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Gershom Scholem on his Studies in Munich (Retrospective Account, 1977)

During the 1920s, topics of Jewish interest were typically pursued in other departments at German universities, including departments of Protestant and Catholic theology and of Oriental and Semitic studies. Chairs in Jewish studies were not introduced at German universities until the 1960s.

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In those days I came to reject the phenomenology of Husserl, though I had been greatly in sympathy with it for a few years, having been impressed by the very subtle Logische Untersuchungen [Logical Investigations]. But the lectures of Husserl’s disciple Wilhelm Pfänder completely alienated me from this mode of thinking. In a public lecture—I myself was present—Pfänder performed the feat of making the existence of God (which I have never doubted) “visible” by phenomenological means. This was too much for me. His seminar also helped to drive me out of this circle. Once a dead serious discussion extended over several hours in the presence of some very penetrating minds (I still remember Maximilian Beck), concerning the question whether a fried fish was a fish or not. I should add, though, that Benjamin’s intellectual perspective, with which I had such close contact in those years and which was the farthest thing imaginable from what one could call academic philosophy, prevented me from taking very seriously university teachers of philosophy who were not historians.

Thus, at Bäumker’s advice I changed my major to Semitics. There I received a very friendly reception from Fritz Hommel (in whose readings of Arabic texts and seminar I was already enrolled), though Hommel had accepted a dissertation in Judaica only once in his long career. Bäumker and Hommel were already over sixty-five—the one a devout Catholic, the other an equally devout Protestant, a very pious Lutheran. Hommel was primarily an Assyriologist, but he was generous enough to exempt me from this particular area of Semitics and asked only that my major include Arabic and Ethiopian in addition to Hebrew and Aramaic, with which I was already conversant. In his life as a scholar he was at the center of numerous polemics. During the two and a half years that I was his student we were on the best of terms.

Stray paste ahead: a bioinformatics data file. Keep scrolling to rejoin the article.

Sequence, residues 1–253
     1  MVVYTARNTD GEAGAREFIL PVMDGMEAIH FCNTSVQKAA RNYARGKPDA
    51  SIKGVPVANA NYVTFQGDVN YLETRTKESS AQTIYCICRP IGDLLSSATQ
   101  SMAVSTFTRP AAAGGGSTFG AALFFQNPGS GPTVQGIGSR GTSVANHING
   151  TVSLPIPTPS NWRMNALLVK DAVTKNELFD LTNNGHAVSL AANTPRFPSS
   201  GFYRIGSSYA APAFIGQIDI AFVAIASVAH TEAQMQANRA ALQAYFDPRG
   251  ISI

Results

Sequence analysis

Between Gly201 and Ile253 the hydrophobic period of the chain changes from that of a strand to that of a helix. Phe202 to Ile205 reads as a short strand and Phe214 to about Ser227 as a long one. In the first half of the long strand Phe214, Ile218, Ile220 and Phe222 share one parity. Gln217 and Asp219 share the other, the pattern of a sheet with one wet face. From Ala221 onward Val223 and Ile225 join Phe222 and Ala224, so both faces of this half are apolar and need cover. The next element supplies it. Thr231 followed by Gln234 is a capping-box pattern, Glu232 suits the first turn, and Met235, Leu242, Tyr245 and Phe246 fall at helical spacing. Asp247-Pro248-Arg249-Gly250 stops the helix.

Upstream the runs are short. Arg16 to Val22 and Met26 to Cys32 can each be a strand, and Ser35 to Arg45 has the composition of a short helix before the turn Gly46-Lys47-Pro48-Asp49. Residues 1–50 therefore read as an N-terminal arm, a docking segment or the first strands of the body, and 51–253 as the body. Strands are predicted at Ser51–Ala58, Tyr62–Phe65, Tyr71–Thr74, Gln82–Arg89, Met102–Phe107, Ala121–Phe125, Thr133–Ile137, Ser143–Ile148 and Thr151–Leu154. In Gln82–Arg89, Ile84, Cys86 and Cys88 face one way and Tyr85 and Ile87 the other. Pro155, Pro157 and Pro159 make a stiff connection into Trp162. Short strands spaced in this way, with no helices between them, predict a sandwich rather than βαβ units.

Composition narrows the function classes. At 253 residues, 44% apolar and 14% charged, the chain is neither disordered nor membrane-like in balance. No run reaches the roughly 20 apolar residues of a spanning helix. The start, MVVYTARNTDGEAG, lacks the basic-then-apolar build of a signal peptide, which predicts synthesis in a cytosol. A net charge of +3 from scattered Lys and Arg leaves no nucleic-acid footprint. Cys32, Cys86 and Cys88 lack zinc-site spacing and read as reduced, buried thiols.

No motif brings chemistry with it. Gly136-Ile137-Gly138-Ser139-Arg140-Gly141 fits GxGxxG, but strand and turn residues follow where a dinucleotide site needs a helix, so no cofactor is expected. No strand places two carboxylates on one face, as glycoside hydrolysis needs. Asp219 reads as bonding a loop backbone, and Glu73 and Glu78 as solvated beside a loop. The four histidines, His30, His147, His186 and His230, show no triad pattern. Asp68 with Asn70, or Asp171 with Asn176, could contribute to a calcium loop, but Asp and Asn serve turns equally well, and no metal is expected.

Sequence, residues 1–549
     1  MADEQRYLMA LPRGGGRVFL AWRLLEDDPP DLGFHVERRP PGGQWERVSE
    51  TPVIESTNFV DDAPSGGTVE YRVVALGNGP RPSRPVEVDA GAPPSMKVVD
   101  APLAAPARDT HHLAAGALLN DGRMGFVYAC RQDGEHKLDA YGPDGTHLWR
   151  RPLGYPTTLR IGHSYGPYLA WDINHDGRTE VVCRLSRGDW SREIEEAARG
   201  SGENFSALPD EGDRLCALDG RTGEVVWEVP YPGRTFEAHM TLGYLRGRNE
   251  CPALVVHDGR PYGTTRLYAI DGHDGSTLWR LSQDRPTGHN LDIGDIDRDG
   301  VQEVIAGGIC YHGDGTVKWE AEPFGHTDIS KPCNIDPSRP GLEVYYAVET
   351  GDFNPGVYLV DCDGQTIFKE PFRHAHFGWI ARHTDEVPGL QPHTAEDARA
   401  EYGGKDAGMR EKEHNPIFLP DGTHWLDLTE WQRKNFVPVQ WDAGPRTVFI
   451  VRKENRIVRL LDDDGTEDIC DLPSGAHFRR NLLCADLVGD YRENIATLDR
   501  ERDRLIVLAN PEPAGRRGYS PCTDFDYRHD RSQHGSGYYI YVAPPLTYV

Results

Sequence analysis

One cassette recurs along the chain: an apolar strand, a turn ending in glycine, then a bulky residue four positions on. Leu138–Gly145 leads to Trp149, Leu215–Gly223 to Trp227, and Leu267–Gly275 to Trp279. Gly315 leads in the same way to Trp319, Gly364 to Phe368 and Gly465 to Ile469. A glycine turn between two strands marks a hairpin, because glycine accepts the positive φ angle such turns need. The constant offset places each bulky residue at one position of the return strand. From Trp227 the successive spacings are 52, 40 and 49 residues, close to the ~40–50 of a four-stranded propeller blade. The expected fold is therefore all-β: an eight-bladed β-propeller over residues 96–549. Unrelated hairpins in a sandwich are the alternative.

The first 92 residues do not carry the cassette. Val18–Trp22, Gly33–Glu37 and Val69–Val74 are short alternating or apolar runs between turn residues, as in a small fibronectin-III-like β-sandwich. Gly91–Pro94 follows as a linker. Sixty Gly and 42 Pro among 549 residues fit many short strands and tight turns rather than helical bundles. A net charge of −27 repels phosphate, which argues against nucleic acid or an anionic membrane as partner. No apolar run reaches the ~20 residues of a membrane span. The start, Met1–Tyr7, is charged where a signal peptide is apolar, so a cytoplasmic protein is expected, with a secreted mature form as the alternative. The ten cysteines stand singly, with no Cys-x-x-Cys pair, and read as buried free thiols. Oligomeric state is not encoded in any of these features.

In the first winter semester in Munich the Catholic Old Testament scholar Göttsberger announced a discussion course entitled “Readings in the Babylonian Talmud.” Together with Elsa Burchhardt and Rudolf Hallo, I went to see what the course would be like. All the other students were Catholic seminarians. I should point out here that the text of the Talmud has no punctuation, and one of the difficulties in the study of the Talmud is to determine whether one is dealing with a statement or a question. At the very beginning the professor made a bad blunder. I raised my hand and said: “Professor, that is not a statement but a question.” “How do you know?” asked the professor. “It says so in Rashi,” I replied, “and is a centuries-old tradition.” “Rabbinical sophistry!” With this the professor closed the discussion. Thus we realized with amusement that nothing was to be learned from that gentleman.

Source of English translation: Gershom Scholem, From Berlin to Jerusalem. Memories of my Youth. Translated from the German by Harry Zohn. New York: Schocken Books, 1998, pp. 118-20.

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